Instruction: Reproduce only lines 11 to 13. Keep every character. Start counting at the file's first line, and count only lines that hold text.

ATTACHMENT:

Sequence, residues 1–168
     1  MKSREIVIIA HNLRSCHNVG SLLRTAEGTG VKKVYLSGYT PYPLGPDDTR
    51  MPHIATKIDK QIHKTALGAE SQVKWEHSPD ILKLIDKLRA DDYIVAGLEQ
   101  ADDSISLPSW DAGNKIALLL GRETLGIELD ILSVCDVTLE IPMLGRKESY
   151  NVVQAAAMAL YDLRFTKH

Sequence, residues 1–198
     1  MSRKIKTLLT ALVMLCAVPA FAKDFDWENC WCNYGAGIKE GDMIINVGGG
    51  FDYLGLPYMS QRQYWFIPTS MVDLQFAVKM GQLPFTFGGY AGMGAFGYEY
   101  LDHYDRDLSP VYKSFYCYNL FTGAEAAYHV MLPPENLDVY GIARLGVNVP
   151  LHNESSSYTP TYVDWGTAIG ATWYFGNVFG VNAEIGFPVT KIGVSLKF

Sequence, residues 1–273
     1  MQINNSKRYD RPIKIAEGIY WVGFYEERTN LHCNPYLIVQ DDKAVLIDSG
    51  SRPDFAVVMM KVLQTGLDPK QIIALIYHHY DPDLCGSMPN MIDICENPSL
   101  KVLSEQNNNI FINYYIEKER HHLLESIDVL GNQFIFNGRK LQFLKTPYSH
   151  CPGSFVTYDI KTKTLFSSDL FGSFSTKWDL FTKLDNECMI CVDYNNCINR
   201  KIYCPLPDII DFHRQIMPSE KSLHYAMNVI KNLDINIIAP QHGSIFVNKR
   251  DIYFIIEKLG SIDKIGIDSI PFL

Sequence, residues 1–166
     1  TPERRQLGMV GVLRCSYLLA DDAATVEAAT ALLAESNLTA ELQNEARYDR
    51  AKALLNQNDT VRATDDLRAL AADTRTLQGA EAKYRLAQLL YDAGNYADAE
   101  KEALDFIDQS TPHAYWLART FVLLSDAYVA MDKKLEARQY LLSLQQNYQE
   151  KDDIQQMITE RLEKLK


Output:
Sequence, residues 1–273
     1  MQINNSKRYD RPIKIAEGIY WVGFYEERTN LHCNPYLIVQ DDKAVLIDSG
    51  SRPDFAVVMM KVLQTGLDPK QIIALIYHHY DPDLCGSMPN MIDICENPSL